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Boundary Scan JTAG

» Scan Exec Brochure

» Eclipse Family Overview » Test Development
» Manufacturing Test
» Diagnostics and Repair

Standard Features:

» Test Execution
» Test Flow Control
» Diagnostics
» Debug
» Data Logging
Schematic Debugger
Physical Debugger

Optional Capabilities:

» Advanced Diagnostics
» C++ and Libraries
» Network Licensing

Hardware Options:

» UltraTAP
» PCI ScanLab
» Parallel Port

Boundary Scan Intelligent Diagnostics (BSID) Overview

VICTORY's Boundary-Scan Intelligent Diagnostics (BSID) module generates diagnostics for three kinds of VICTORY tests: Boundary In-Circuit Test (BICT), Virtual Interconnect Test (VIT), and Virtual Component and Cluster Test (VCCT).

BSID can be run on a test system as part of a comprehensive test program or run off-line at a diagnostic repair station. When a boundary-scan test fails, BSID uses the failure data generated by a VICTORY module and the digital test results generated by a tester to isolate the failing devices and the networks involved. To generate diagnostics for a virtual cluster test, BSID uses fault-dictionary techniques and must be supplied with a fault-dictionary database.

Today, BSID is available for Teradyne Z1800-Series and L-Series test systems, and Intellitech's Gemini, PCI Scan Lab and RCT scan-based testers.

How BSID works

BSID uses two key inputs: the diagnostic database supplied by a VICTORY test module and the digital test failure data (DTFD) reported by the tester. The diagnostic database, which is produced by VICTORY modules in the course of generating boundary-scan tests, contains information about the assembly-under-test: the netlist, tester access, the scan path, and the scan vectors. The database also contains additional information needed by BSID to diagnose certain test failures: expect data to diagnose VIT failures and a fault dictionary to diagnose VCCT failures. Expect data is gen-erated automatically by the VIT module. Fault dictionaries are generated by test developers, typically using a fault simulator.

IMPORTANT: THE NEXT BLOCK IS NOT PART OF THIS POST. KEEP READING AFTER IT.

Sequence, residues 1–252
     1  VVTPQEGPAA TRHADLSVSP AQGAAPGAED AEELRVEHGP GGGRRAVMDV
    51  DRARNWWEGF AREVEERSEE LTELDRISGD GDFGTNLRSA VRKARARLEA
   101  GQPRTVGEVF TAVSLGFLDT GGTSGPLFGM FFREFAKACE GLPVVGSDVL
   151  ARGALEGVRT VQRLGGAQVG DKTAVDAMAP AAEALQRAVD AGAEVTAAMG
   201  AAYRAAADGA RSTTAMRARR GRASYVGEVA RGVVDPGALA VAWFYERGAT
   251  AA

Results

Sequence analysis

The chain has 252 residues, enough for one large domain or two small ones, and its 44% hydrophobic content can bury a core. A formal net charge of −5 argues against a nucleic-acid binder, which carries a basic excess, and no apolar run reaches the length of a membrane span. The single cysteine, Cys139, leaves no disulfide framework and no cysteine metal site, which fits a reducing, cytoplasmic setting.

The DTFD is an ASCII-format file, generated by a test system, that identi-fies the tester pins that failed and the pattern numbers they failed on. When BSID is used in non-Teradyne test environments, a software engineer can use the VICTORY Failure Reporting Kit to convert the failure data reported by a test system into DTFD format.

VIT diagnostics

BIT tests can fail under a variety of conditions. BSID diagnoses the following failure types. In all cases, BSID clearly states the problem, lists all inputs and outputs on the net, and identifies the failing detect points. The diagnostics generated by BSID for BIT failures include TAPIT failures detected as part of BIT testing.

All inputs on a net are stuck either at a logic 1 or a logic 0. Typically, the problem is an open on the net or the net is shorted to power or ground.

Some inputs on a net are stuck either at a logic 1 or a logic 0. This condition typically results from an open on the part of the net that connects the stuck input(s).

Net is stuck either at a logic 1 or a logic 0 only when a particular driver is active. Most often, the problem is an open at the specified driver lead on a bus.

Shorts between nets

Common bridging faults between nets are clearly diagnosed Many testers and simulators accept truthby BSID regardless of whether a logic 1 or a logic 0 wins.

Strong driver short

Typically, a high current driver or a tester pin is shorted to some other net(s). The prob-lem is that the net with the strong driver never fails because it overdrives other net(s) involved in the short.

Faulty bidirectional pin

This failure type is typically caused by a blown input or output driver at the bidirectional pin. As a result, the boundary-scan output cell for the bidirectional pin drives the correct data onto the net but its associated boundary-scan input cell does not capture the correct value. Alternatively, the boundary-scan input cell captures the correct value from other drivers on the net, but its associated boundary-scan output cell is not able to drive the net.

Extended stuck-at faults

Leaky bus drivers can cause a test to fail by overdriving the active driver on a bus. Shorts between boundary-scan nets and non-boundary-scan nets. As part of an in-circuit test program, BIT Plus patterns can detect shorts between boundary-scan nets that have no tester access and non-boundary-scan nets with tester access.


  • Automatic diagnosis of BIT Eclipse ATPG and VCCT test failures
  • Can be run on the tester or at an off-line repair station
  • Currently available for Teradyne board test systems and Intellitech test systems
  • Transportable to other test systems